The Supreme Court, in a case stemming from Delta Air Lines' takeover of Western Air Lines, has refused to let Delta force the retirement of a group of flight engineers over age 60.
The justices, without comment, let stand a ruling that Delta is bound by an age-bias lawsuit the flight engineers won against Western.A federal judge in California ordered Western in 1981 to abandon its mandatory retirement age of 60 for flight engineers. The judge also permitted pilots to bid for flight engineer jobs when they approached 60, the retirement age for pilots.
That ruling stemmed from a suit by 15 flight engineers who accused Western of violating the federal Age Discrimination in Employment Act aimed at protecting older workers.
Their victory was upheld in 1985 by the Supreme Court in a ruling that set guidelines for enforcing the federal law.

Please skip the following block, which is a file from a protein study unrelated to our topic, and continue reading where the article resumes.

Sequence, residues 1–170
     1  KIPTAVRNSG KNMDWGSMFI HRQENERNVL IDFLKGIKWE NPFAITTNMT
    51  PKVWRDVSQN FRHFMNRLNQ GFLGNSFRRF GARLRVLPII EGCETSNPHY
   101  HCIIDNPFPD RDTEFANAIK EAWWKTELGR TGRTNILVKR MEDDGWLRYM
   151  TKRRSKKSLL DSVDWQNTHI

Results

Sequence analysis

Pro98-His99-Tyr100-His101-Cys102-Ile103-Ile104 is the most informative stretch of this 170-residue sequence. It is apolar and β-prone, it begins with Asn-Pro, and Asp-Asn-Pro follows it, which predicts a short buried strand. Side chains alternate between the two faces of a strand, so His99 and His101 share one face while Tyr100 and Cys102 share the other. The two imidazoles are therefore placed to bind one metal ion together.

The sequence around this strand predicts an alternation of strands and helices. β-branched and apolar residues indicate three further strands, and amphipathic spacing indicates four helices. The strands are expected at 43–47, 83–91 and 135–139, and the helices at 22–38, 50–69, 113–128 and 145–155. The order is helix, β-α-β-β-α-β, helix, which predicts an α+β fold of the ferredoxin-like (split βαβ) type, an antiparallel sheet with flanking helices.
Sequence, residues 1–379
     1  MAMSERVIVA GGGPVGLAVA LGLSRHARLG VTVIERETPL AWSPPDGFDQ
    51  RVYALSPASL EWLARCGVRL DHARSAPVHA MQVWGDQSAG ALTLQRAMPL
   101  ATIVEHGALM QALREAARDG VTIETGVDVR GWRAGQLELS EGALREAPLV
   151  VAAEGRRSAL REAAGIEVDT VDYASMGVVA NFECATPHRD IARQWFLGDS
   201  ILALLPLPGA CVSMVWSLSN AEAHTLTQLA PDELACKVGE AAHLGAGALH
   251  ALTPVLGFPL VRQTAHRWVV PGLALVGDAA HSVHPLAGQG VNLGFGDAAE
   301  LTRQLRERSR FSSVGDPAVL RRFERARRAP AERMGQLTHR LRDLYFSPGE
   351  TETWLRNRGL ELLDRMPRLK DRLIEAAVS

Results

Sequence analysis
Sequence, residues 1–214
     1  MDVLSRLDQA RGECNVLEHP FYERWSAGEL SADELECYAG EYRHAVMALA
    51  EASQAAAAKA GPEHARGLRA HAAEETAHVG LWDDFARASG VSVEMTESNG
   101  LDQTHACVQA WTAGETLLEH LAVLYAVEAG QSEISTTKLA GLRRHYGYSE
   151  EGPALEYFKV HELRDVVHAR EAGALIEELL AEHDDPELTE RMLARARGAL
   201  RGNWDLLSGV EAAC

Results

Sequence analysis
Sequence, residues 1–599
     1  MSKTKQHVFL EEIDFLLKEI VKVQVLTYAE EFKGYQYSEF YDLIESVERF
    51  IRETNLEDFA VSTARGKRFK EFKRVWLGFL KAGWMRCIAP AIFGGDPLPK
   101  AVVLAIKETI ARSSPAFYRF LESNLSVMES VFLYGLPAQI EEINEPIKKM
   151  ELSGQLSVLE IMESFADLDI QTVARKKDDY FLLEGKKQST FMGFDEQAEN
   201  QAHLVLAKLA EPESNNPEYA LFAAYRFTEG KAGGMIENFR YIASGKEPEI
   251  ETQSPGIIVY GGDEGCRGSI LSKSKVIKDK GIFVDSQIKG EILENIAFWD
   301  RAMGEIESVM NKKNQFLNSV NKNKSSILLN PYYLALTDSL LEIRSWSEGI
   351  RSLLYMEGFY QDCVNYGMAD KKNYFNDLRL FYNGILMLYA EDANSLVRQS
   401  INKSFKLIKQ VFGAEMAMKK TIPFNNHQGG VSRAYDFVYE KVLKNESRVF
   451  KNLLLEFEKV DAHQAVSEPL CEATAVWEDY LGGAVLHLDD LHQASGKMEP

When Delta merged with Western in 1987, it sought to force the retirement of the 15 unless they agreed to take on-ground jobs.
Delta said its offer was in line with its policy barring captains and co-pilots over 60 from becoming flight engineers.
The 9th U.S. Circuit Court of Appeals ruled last October that Delta is bound by the 1981 court order enforcing the flight engineers' victory against Western.
"Delta may be free to execute its own policies to other employees, but it is not free to abrogate (Western's) obligations to" the former Western employees, the appeals court said. "There is a continuity of operations between the merged airlines, Delta had notice of Western's obligations and Delta has the ability to provide relief."
Some of the 15 have retired voluntarily.